Home Page
Fiction and Poetry
Essays and Reviews
Art and Style
World and Politics
Montreal
Archive
 

***

BUCKWILD AND DOWNTON ABBEY:

TV'S SOCIAL REALITY

***

By David Mould

***

The Montréal Review, January 2013

***

***

It's a long way-in geographical distance and creative quality-from the down and dirty world of MTV's reality show hit Buckwild to the rarefied world of U.S. public television's Downton Abbey, but the two TV series have one thing in common, apart from having their new season premieres within a week in January 2013. Both perpetuate social and class stereotypes.

Buckwild claims to document the lives of young people in Sissonville, a small and economically depressed town in West Virginia, the state where I now live. The criticism of its stereotyping of poor, white Appalachians has been well-meaning, although it has certainly contributed to the show's notoriety and may even have helped boost its ratings. Reality TV is a proven formula. Although they won't admit it, viewers like to see people behaving badly.

The Buckwild characters exist, of course, but they would not be doing what they're doing if MTV was not there to tape it. They are playing exaggerated, cartoonish versions of themselves, with scripted situations and confrontations. It's "reality" in name only.

The social stereotyping in Downton Abbey, first aired on ITV in the U.K. and now on public television's Masterpiece Classic series, is more subtle and, at least on the surface, less offensive. But both series send a similar message about barriers to social mobility. Whether you're living on welfare in a broken-down trailer, are a servant in a great English house, or own the house and employ the servants, you're pretty much stuck where you are. It's tough to change position on the social and economic ladder.

The rigid class structure of early 20th century British society is represented by the limited horizons of the servants of Downton Abbey. Some were literally born into service, the sons and daughters of butlers, footmen and housemaids. Others took one modest step up from tenant farm to domestic service.

Their ambitions are also limited. The footmen want to be butlers and valets, the kitchen maids cooks. They can apply for a similar-level position in a larger house, or a more responsible position in a smaller house. But they remain in domestic service.

It's a system where the aristocracy regulates the labor market. You can't move without a recommendation from your employer. "Oh, I see you have a letter of reference from Lady Posonby Fairfax Trevelyan of Wycliff Manor. I know the family well. You will do."

Apart from one housemaid who learns to type and becomes a secretary and the uppity Irish nationalist chauffeur who runs off with daughter number three and becomes a journalist, few escape from domestic service. They accept their place downstairs in the great house. No one would even think of joining a union, even if there was one to join.

In some ways, there's as little freedom upstairs as downstairs, particularly for the women. At least the men can manage the estate and go off to war. The women are expected to lead almost exclusively social lives, with a dash of charity work. They visit other houses and host visitors, cultivate musical talents, go to London for "the season," spend an excessive amount of time getting dressed for dinner, and then retire as a group after dinner while the men drink port and talk about important stuff.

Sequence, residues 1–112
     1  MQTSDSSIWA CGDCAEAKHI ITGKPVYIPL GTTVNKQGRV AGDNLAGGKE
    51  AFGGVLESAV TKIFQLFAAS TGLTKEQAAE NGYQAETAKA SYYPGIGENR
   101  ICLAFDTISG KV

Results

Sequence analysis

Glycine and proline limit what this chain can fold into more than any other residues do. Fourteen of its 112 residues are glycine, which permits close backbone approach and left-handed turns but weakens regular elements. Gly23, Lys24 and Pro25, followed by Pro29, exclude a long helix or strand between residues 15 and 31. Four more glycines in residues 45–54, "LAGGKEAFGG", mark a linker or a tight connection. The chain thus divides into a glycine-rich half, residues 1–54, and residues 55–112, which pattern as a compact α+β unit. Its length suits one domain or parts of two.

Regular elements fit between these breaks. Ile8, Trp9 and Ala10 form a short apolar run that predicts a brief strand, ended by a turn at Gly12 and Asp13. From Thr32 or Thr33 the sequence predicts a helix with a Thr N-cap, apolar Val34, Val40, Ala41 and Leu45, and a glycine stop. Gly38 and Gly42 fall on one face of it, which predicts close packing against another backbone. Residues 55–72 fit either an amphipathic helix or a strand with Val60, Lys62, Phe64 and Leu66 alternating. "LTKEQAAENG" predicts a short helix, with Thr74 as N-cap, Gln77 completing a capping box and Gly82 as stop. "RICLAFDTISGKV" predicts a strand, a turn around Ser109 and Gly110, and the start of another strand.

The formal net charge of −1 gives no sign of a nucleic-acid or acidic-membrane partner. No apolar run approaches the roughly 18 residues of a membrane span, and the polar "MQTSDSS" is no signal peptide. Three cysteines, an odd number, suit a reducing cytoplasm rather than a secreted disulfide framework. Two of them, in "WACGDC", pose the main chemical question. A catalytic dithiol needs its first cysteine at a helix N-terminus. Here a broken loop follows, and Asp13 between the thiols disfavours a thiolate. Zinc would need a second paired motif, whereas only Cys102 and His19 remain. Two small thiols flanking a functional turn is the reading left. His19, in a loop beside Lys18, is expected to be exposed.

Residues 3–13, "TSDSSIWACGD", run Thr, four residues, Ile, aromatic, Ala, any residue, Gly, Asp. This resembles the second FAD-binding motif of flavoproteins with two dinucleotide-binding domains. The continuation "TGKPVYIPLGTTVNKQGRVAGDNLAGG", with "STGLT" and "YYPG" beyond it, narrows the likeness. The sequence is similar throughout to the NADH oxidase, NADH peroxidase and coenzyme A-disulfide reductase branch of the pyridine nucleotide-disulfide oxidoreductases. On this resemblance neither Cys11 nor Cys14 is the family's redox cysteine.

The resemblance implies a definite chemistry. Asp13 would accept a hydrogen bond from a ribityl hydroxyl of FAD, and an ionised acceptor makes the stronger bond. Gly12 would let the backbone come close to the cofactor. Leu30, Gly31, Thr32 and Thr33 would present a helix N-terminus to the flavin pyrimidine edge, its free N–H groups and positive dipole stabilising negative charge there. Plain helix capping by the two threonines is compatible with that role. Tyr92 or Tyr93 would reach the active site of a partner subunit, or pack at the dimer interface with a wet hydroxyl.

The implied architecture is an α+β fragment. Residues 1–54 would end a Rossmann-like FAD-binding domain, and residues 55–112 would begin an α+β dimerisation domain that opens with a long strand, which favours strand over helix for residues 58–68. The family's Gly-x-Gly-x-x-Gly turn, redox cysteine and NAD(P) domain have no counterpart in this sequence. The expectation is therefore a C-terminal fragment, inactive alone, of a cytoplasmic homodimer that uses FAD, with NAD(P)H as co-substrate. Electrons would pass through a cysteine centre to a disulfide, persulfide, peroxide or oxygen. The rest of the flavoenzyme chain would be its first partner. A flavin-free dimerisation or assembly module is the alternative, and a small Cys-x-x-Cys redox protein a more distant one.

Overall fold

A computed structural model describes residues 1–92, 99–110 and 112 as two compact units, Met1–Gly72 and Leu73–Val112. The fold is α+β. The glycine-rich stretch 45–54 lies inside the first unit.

To the credit of the creators of Downton Abbey, all the women emerge as strong characters, rather than mere adornments to the scene like the furniture and dinner-table settings. Some even rebel by taking a job, running off with the chauffeur or rolling in the haystack with a tenant farmer. But all face consequences for breaking social conventions.

It's also heart-warming to see how kind the folks upstairs are to those downstairs. They pay for medical operations and stand as character witnesses in a murder trial. Unfortunately, the benevolence of the Crawley family was not typical of the landed gentry of the period who, with honorable exceptions, kept their servants and tenant farmers firmly in their place, and could fire them or evict them from their land at will.

Downton Abbey is good TV (if a bit soapy) but it should not make us nostalgic for a world where hereditary social class and privilege were the norms, and most people accepted their place in society. Even for the period it depicts, it's not realistic. Most people in Britain did not live in great houses, either upstairs or downstairs, but in crowded, dirty industrial cities or in rural poverty. And while the aristocracy continued to dominate politics, a growing middle class challenged its economic dominance. The real wealth was not in the great estates but in mining and manufacturing, the dark satanic mills of northern England.

Don't get me wrong. I'm a Downton Abbey fan. I'll be glued to the TV every Sunday night through the third season. But the social order it depicts is as undesirable as that of Buckwild.

***

David Mould worked as a journalist in Yorkshire, the fictional setting for Downton Abbey, and now lives in Charleston, West Virginia, 15 miles south of Sissonville, the location of Buckwild.

***

 
 

Subscribe
Submissions Guide
Letters to the Editor
pdf
RSS
All featured book titles
 
 
home | past issues | world & politics | essays | art and style | fiction and poetry | links | newsletter
The Montréal Review © 2009 - 2013 T.S. Tsonchev Publishing & Design, Canada. All rights reserved. ISSN 1920-2911
about | contact us | copyright | user agreement | privacy policy